Assuntos
Neoplasias , Pneumonia , Humanos , Japão/epidemiologia , Assistência Perioperatória , Pneumonia/epidemiologia , Pneumonia/prevenção & controle , Triagem
12.
Artigo em Inglês | MEDLINE | ID: mdl-34201085

RESUMO

Pneumonia is a leading cause of hospitalization in South Africa. Climate change could potentially affect its incidence via changes in meteorological conditions. We investigated the delayed effects of temperature and relative humidity on pneumonia hospital admissions at two large public hospitals in Limpopo province, South Africa. Using 4062 pneumonia hospital admission records from 2007 to 2015, a time-varying distributed lag non-linear model was used to estimate temperature-lag and relative humidity-lag pneumonia relationships. Mean temperature, relative humidity and diurnal temperature range were all significantly associated with pneumonia admissions. Cumulatively across the 21-day period, higher mean daily temperature (30 °C relative to 21 °C) was most strongly associated with a decreased rate of hospital admissions (relative rate ratios (RR): 0.34, 95% confidence interval (CI): 0.14-0.82), whereas results were suggestive of lower mean daily temperature (12 °C relative to 21 °C) being associated with an increased rate of admissions (RR: 1.27, 95%CI: 0.75-2.16). Higher relative humidity (>80%) was associated with fewer hospital admissions while low relative humidity (<30%) was associated with increased admissions. A proportion of pneumonia admissions were attributable to changes in meteorological variables, and our results indicate that even small shifts in their distributions (e.g., due to climate change) could lead to substantial changes in their burden. These findings can inform a better understanding of the health implications of climate change and the burden of hospital admissions for pneumonia now and in the future.


Assuntos
Hospitalização , Pneumonia , Hospitais , Humanos , Pneumonia/epidemiologia , África do Sul/epidemiologia , Temperatura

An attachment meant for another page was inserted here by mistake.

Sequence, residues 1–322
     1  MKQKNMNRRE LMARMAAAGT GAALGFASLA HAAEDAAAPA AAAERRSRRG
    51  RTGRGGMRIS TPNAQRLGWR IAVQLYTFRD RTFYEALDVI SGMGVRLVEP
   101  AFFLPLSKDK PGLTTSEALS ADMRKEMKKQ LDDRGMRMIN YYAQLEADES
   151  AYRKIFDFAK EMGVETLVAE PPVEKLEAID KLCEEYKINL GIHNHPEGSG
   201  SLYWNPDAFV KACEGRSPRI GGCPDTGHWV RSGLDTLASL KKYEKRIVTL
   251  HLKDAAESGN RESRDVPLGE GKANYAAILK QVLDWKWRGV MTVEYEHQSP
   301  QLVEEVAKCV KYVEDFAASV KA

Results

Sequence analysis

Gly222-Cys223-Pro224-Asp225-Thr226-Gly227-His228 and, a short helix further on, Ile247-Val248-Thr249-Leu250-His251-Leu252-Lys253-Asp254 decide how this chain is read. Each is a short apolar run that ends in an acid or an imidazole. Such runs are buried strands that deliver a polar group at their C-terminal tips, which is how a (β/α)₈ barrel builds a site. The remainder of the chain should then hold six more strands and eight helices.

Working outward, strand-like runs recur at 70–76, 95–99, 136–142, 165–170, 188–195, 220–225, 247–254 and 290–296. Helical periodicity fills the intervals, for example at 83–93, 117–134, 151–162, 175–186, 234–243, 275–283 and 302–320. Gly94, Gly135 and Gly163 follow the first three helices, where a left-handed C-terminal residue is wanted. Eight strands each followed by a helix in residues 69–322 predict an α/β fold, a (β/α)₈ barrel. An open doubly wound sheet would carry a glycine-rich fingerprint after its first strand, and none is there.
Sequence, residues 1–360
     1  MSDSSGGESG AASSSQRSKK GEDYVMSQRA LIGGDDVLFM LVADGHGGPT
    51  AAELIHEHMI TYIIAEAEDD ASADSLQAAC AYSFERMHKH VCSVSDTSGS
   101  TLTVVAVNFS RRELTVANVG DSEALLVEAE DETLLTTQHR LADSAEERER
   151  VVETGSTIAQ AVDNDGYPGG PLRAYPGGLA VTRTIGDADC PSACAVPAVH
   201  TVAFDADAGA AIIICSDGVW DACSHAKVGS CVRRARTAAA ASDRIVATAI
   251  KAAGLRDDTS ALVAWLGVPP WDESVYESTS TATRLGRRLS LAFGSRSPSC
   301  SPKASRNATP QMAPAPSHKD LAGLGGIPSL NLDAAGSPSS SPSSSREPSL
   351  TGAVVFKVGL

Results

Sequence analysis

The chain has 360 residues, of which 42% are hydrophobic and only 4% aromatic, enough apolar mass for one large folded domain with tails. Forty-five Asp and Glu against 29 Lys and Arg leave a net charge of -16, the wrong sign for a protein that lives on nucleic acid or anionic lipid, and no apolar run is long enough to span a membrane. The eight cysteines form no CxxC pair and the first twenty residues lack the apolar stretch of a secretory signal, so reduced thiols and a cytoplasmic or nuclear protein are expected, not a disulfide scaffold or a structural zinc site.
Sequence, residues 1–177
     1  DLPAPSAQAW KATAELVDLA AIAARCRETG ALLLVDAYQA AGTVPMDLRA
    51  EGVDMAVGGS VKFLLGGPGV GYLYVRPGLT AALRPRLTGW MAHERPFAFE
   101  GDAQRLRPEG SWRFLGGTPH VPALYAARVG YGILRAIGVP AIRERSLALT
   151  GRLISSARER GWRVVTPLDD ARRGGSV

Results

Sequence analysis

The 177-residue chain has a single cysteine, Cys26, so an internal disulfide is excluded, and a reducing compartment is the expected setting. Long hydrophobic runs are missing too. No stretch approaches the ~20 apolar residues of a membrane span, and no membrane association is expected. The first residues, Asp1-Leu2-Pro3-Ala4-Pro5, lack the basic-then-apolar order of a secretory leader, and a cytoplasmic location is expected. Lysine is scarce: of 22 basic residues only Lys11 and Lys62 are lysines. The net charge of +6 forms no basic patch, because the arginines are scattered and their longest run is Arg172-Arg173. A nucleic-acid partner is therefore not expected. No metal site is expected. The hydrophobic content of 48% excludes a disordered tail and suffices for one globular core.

13.
J Environ Public Health ; 2021: 6662476, 2021.
Artigo em Inglês | MEDLINE | ID: mdl-34239576

RESUMO

Objectives: This study evaluated the clinical manifestation of COVID-19 and adverse outcomes in patients with comorbidities (outcome: death). Methods: A comparative follow-up investigation involving 148 confirmed cases of COVID-19 was performed for a month (between April and May 2020) at Qaha Hospital to describe the clinical characteristics and outcomes resulting from comorbidities. Participants were divided into two clusters based on the presence of comorbidities. Group I comprised cases with comorbidities, and Group II included subjects without comorbidity. Survival distributions were outlined for the group with comorbidities after the follow-up period. Results: Fever (74.3%), headache (78.4%), cough (78.4%), sore throat (78.4%), fatigue (78.4%), and shortness of breath (86.5%) were the most prevalent symptoms observed in COVID-19 patients with comorbidities. Such patients also suffered from acute respiratory distress syndrome (37.8%) and pneumonia three times more than patients without comorbidities. The survival distributions were statistically significant (chi-square = 26.06, p ≤ 0.001). Conclusion: Multiple comorbidities in COVID-19 patients are linked to severe clinical symptoms, disease complications, and critical disease progression. The presence of one or more comorbidities worsened the survival rate of patients.


Assuntos
COVID-19/epidemiologia , COVID-19/mortalidade , Comorbidade , Pneumonia/epidemiologia , Pneumonia/mortalidade , Síndrome do Desconforto Respiratório/epidemiologia , Síndrome do Desconforto Respiratório/mortalidade , Adulto , Idoso , Idoso de 80 Anos ou mais , Causas de Morte , Egito/epidemiologia , Feminino , Seguimentos , Humanos , Masculino , Pessoa de Meia-Idade , Mortalidade , SARS-CoV-2 , Adulto Jovem
14.
Front Cell Infect Microbiol ; 11: 663884, 2021.
Artigo em Inglês | MEDLINE | ID: mdl-34277466

RESUMO